I've always been grateful that the number one fear of public speaking has never been a problem for me. Put me up in front of a small or huge group; as long as I'm prepared I say "Bring it on!".

Do you share any of these top ten fears? Have a wonderful Friday the 13th. Revel in it!

Thursday, November 12, 2009


I admit when they were handing out the gift of patience I must have been hiding behind the door. When I want something I want it now, not tomorrow, not next week or next year; now. Now imagine my frustration when my WIP resolutely refuses to magically finish itself. Fun picture, isn't it?

I don't mind waiting in line at the grocery store; I read all the covers of the shiny magazines and discover who's breaking up with who and who's having another baby.

Digression: Why am I still supposed to care about Jennifer Aniston's love life? If I see one more headline hinting that she and Brad are secretly still in love I may spit. In public.

I don't mind waiting in line at the bank ( yes, I still have one account with no ATM card; it forces me to think whether or not I really want to spend money on something). I don't mind waiting for many things, but this one word at a time thing with writing can drive me a little nuts.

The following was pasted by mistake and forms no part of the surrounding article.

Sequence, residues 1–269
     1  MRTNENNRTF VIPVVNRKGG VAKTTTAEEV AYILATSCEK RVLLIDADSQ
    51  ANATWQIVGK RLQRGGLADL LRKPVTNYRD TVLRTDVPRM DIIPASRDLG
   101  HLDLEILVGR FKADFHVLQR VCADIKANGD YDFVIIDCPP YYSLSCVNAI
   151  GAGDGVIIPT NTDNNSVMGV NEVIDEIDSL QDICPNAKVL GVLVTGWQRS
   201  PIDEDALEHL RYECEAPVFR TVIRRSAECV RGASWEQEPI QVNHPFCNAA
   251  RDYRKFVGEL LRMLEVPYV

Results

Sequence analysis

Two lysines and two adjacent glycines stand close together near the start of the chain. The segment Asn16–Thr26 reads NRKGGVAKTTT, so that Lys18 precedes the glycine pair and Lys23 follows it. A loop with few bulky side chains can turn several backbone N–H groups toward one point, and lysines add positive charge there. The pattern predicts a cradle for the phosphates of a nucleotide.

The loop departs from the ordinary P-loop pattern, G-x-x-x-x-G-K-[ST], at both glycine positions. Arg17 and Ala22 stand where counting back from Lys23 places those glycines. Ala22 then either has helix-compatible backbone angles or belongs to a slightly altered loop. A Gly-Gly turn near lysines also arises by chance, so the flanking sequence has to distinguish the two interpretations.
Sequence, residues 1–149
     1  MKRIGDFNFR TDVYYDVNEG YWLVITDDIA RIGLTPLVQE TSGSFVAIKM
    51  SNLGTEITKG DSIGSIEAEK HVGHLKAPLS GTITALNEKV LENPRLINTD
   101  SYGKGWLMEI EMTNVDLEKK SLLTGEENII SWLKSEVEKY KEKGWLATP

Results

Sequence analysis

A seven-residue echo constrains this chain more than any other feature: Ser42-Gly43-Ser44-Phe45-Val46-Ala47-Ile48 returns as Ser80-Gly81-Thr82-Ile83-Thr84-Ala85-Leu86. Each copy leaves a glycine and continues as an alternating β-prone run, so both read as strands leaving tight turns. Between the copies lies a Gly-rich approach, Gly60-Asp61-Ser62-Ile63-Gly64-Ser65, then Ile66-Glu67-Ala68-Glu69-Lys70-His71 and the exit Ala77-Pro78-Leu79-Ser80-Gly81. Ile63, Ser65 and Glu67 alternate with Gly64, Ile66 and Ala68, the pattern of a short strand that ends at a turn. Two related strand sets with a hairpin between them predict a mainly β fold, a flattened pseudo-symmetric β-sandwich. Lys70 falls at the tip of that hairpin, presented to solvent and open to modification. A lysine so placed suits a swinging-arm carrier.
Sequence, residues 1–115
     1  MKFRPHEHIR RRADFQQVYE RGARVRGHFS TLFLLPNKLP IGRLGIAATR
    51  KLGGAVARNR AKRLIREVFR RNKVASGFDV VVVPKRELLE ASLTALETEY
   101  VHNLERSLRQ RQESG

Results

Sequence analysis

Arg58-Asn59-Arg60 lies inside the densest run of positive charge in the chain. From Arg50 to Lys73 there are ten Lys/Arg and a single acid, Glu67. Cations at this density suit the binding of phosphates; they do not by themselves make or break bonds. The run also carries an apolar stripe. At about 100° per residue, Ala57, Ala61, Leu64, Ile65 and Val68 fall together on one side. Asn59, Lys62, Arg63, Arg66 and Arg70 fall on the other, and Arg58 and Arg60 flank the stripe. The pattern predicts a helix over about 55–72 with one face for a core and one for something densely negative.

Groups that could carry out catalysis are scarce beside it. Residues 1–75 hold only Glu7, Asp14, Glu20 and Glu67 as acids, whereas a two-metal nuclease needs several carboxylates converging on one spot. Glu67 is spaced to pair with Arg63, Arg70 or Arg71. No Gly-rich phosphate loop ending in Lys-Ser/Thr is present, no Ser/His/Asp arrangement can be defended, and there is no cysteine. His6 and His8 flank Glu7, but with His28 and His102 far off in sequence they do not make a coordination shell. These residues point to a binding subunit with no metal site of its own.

I have an on-going fantasy of opening up my word processing program and discovering my word count has increased by thousands overnight. So far, this fantasy goes unfulfilled but every morning I have fresh hope. My word count does climb every day, but slowly. Why can't I be one of these writers who sit down and, presto, novels flow effortlessly from their fingers onto the screen? I have good days and bad days, but never presto days. There are times I think I can see a light gleaming hopefully in the distance, but most days I'm fairly sure it's a mirage.

I'm trying to be practical. I tell myself everyone writes at their own pace. I look at my word count which is higher than it was a few days ago and say "See, you're getting there." But where are the word elves? Just one little elf...

Are you a patient writer? Do you rejoice in putting one word at a time onto the page? Or, are you too, looking under the bed hoping to find a word elf?

Wednesday, November 11, 2009

Lest We Forget

When I was in school we never had November 11th off. The principal (who had driven ambulances in London during the Blitz) believed this day of all days should be spent working not sleeping in or watching television. We had a service at 11 o'clock and for many years I read the poem printed below as part of it. I recommend you read it out loud.

A soldier's prayer